Black lab aggressiveness?
The RetrieverTraining.Net Forums The Retriever Academy
Total Retriever Training with Mike Lardy
Hawkeye Media Gunners Up Tritronics Wildear
Retriever Coach
Page 1 of 2 12 LastLast
Results 1 to 10 of 17

Thread: Black lab aggressiveness?

  1. #1

    Default Black lab aggressiveness?

    Has anyone had a lab that showed aggression towards kids? I have a 1yr old black Male that has recently came back from the trainer. Hes been great with my kids ( 15yr old girl and 11yr old boy) and my nephews, but hes snapped at a couple of their friends. Both times it was 10 yr old boys. Anyone dealt with this before?

  2. Remove Advertisements
    RetrieverTraining.net
    Advertisements
     

  3. #2
    Member
    Join Date
    Apr 2015
    Location
    Missouri
    Posts
    73

    Default

    I have one almost 4 years old that is aggressive towards other puppies and small children. I do not place 100 percent of blame on her shoulders. Long story behind her upbringing. She was very sick when we brought her home and due to that she was not able to be properly socialized as a puppy. Neither puppies or little children know to stay out of anyone's face and she does not like either of these in her face and is quick to let them know this. It's an easy fix for us, she stays in her kennel when either is around.

  4. #3
    Senior Member swampcollielover's Avatar
    Join Date
    Nov 2012
    Location
    MO
    Posts
    3,434

    Default

    I had a field bred Golden Retriever that showed aggressive behaviors at an early age. The breeder said it was not aggression, but just that he was a dog bred to have lots of drive! I beleived her because she was a vet/teacher and a large Texas University vet school. After the dog matured his aggression increased. We took him to a trainer who 'was said' to be good with dogs like this! When we got him back he was well trained for the field, but he would bite the tar out of you if you touched anywhere around his front chest. I found that out at the hospital! We kept him isolated when people where around visiting us. By the time he was five his problems continue to worsen. We took him to a dog phycologist who specialized in aggression in dogs. In one brief session our dog darn near attacked the doggie doctor.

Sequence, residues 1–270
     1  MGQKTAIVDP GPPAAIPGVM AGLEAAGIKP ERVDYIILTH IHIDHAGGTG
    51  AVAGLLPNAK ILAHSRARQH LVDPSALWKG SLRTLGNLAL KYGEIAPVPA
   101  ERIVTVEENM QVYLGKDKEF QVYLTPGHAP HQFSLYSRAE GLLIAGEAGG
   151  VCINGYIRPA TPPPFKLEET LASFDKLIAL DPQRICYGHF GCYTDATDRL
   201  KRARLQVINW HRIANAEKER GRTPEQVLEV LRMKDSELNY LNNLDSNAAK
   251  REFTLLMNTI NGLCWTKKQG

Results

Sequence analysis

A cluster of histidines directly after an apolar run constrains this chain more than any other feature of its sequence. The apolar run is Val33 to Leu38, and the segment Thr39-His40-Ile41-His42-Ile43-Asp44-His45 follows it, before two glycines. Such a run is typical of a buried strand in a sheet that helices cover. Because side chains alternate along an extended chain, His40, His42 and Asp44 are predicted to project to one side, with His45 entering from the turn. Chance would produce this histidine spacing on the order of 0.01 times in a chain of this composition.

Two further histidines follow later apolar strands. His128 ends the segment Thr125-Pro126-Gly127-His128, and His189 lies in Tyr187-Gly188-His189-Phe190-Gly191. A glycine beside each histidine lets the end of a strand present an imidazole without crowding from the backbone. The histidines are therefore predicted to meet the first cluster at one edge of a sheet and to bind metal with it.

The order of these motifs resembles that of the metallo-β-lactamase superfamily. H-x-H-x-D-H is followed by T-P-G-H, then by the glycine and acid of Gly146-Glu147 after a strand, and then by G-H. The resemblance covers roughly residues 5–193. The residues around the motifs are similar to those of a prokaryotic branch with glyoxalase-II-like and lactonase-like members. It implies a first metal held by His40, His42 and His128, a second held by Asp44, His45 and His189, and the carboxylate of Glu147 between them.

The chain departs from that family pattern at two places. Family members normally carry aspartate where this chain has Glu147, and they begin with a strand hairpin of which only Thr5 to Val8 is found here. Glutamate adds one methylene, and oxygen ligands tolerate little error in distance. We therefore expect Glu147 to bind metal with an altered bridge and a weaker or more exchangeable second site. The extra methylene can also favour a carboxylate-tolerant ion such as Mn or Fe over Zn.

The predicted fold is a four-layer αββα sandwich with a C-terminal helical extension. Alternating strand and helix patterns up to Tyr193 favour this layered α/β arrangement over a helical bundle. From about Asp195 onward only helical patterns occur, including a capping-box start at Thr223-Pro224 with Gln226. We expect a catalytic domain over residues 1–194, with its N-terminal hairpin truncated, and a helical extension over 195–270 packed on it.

He told us that there were two basic types of aggression, the type he had could not be controlled or trained out of him. We had the dog put down!

    Be careful...Good Luck
    Last edited by swampcollielover; 06-15-2019 at 11:22 AM.

  5. Remove Advertisements
    RetrieverTraining.net
    Advertisements
     

  6. #4
    Senior Member
    Join Date
    May 2009
    Location
    Chewelah, WA
    Posts
    1,514

    Default

    CHECK THE THYROID!!! Early onset low thyroid can cause aggressiveness, anxiety and other odd behaviors.

    To Swampcollielover, Goldens are notorious for thyroid problems. If it is thyroid, no training techniques will help the situation. It is a chemical imbalance that only gets worse with time.

    Meredith

  7. #5
    Senior Member Labs R Us's Avatar
    Join Date
    Jun 2010
    Location
    Wisconsin
    Posts
    1,127

    Default

    I had a black lab that at five months of age started showing aggression when he had certain items that he did not want to give up (resource guarding). I had him neutered at that time thinking it would help the issue but it did not.

    Thankfully he was never like this out in the field with birds and I earned an MH title on him. He was an extremely talented dog.

    One evening at home after having a great day of training in the field, he had his favorite toy, a tennis ball. I tried to have him give it to me but he wouldn’t and he became more and more aggressive. I managed to get him in his kennel in the car with the tennis ball in his mouth. I could not get near the crate without him getting extremely aggressive.